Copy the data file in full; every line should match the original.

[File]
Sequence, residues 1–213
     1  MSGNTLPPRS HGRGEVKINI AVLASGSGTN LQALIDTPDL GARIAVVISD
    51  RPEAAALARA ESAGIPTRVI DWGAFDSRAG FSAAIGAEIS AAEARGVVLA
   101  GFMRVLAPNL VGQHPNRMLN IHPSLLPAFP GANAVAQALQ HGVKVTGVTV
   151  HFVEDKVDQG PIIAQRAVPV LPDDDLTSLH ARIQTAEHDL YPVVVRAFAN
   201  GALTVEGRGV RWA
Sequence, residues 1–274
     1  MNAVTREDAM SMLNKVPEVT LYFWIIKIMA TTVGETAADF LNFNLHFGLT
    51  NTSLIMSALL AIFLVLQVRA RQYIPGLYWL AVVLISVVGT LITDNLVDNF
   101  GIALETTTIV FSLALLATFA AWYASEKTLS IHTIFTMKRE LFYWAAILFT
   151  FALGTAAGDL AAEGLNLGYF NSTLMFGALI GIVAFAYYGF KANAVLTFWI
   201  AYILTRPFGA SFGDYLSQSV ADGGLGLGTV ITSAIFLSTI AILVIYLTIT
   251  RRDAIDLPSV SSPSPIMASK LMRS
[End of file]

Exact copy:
Sequence, residues 1–213
     1  MSGNTLPPRS HGRGEVKINI AVLASGSGTN LQALIDTPDL GARIAVVISD
    51  RPEAAALARA ESAGIPTRVI DWGAFDSRAG FSAAIGAEIS AAEARGVVLA
   101  GFMRVLAPNL VGQHPNRMLN IHPSLLPAFP GANAVAQALQ HGVKVTGVTV
   151  HFVEDKVDQG PIIAQRAVPV LPDDDLTSLH ARIQTAEHDL YPVVVRAFAN
   201  GALTVEGRGV RWA
Sequence, residues 1–274
     1  MNAVTREDAM SMLNKVPEVT LYFWIIKIMA TTVGETAADF LNFNLHFGLT
    51  NTSLIMSALL AIFLVLQVRA RQYIPGLYWL AVVLISVVGT LITDNLVDNF
   101  GIALETTTIV FSLALLATFA AWYASEKTLS IHTIFTMKRE LFYWAAILFT
   151  FALGTAAGDL AAEGLNLGYF NSTLMFGALI GIVAFAYYGF KANAVLTFWI
   201  AYILTRPFGA SFGDYLSQSV ADGGLGLGTV ITSAIFLSTI AILVIYLTIT
   251  RRDAIDLPSV SSPSPIMASK LMRS